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Hootie rocks in the rain and plans next year

The sixth Hanwell Hootie at the weekend (12 May) was a huge hit once more, despite the unfriendly weather, and organisers promptly began preparing for next year and are searching for help with funding to keep it free.

Thousands of music-lovers braved the rain to hear more than 90 bands performing at 15 different venues at London’s largest free, one-day music event. More than 400 local volunteers kept everything ticking over smoothly.

“The biblical deluge could still not dampen our spirits, and it’s been a bigger and better Hanwell Hootie than ever before,” said Ealing Council leader Julian Bell. “Hanwell has got that special, almost ‘village’ feel, and this is an expression of that really close community spirit.”

Two of the 400 local volunteers at the Hootie
Two of the 400 local volunteers at the Hootie (by Paul James)

“We’re delighted at the turn-out,” said Hootie director Faye Hamilton. “Many people from all over London have clearly made it a fixture in their diary. And somehow the rain seems to have created a friendlier atmosphere this year, if that’s even possible.”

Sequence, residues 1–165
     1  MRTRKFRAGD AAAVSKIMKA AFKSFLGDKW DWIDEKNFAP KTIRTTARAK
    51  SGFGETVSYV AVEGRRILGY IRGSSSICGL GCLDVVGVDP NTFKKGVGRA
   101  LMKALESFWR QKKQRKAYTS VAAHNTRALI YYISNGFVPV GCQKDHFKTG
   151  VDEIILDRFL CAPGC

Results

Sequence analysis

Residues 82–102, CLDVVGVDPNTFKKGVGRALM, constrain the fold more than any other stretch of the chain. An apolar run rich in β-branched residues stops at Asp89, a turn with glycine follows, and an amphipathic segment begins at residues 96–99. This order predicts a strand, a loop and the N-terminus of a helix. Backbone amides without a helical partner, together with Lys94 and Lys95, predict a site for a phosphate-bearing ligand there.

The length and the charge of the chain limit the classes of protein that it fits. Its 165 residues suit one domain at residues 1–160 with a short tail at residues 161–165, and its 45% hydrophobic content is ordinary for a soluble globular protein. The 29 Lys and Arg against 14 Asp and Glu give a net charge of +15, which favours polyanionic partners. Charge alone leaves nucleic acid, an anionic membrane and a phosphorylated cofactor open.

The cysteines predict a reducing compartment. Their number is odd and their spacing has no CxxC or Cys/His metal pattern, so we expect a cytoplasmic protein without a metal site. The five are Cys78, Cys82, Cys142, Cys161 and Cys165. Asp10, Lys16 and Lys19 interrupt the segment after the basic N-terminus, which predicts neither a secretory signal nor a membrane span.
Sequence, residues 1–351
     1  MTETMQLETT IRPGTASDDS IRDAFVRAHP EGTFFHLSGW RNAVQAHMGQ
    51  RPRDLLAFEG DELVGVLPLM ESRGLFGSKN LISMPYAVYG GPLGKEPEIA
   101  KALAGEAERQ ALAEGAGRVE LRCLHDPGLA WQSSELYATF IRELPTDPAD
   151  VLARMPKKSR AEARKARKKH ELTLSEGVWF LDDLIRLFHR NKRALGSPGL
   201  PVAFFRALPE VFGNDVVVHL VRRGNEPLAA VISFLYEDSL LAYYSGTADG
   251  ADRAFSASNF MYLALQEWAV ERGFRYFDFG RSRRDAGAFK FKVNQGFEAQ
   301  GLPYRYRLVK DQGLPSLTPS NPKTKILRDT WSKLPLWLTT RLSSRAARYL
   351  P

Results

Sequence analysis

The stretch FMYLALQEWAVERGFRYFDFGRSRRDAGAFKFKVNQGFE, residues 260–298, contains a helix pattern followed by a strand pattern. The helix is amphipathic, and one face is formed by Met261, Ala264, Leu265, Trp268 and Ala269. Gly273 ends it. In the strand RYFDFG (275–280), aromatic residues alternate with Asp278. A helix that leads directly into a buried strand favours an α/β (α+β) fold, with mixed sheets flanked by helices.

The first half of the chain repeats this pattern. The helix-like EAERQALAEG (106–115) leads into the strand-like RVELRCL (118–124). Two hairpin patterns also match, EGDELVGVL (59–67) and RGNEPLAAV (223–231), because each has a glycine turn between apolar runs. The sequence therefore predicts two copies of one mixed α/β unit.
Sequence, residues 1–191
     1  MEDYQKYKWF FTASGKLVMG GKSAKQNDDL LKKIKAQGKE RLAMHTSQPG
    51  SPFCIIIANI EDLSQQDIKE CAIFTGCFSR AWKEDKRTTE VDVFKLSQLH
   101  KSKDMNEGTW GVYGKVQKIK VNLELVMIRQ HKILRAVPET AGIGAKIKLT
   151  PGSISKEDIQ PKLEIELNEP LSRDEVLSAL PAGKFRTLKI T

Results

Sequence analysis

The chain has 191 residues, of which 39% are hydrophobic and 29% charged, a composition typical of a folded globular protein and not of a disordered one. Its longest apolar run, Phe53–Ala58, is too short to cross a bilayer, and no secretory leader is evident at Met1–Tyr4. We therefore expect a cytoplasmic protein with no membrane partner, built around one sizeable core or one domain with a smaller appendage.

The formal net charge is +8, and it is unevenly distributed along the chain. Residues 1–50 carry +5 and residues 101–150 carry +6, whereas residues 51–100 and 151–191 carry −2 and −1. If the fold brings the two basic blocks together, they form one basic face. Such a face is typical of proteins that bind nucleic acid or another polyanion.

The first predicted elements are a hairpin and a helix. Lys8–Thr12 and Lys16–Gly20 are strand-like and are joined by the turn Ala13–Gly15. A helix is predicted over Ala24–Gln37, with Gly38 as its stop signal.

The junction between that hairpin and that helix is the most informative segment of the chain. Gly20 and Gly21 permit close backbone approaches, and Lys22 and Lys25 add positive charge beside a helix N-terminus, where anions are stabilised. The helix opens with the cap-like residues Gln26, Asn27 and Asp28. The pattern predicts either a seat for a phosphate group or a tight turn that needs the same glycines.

Musical director Andy McRobbie added: “We’ve been overwhelmed by the positive response from both bands and festival goers. So many bands have said this was by far their best gig of the year, and that is testament to the love Hanwell showed them.”

This year, for the first time, there was also a comedy tent headlined by Rich Hall.

‘Live music is as important today as it has always been’

The Hootie commemorates Hanwell’s link to the iconic Marshall amplifier, first sold by Jim Marshall from a shop in the town in the 1960s. Jon Ellery, managing director of main festival sponsor Marshall Amplification, said: “We are delighted to sponsor the Hootie that honours the legacy of Jim. Live music is as important today as it has always been, and this community-driven event is a great example of celebrating those who love to perform.”

Press to MECO at the Kings Arms (by Paul James)
Press to MECO at the Kings Arms (by Paul James)
Funding to keep it free

This year the Hootie encouraged festival goers to show their appreciation by donating money into collection buckets at each venue.

“It’s so important that this is a free festival,” said director June Martin. “We’re hoping that, by asking for donations on the day, and through our new crowdfunding site, that we’ll be able to continue to showcase emerging talent and secure the Hootie’s future into the long-term.”

The Hootie crowdfunding page can be found at: https://www.justgiving.com/crowdfunding/hanwell-hootie

To see more about the day itself, visit www.facebook.com/TheHanwellHootie

Pictures at top of page by Ashlee Grant

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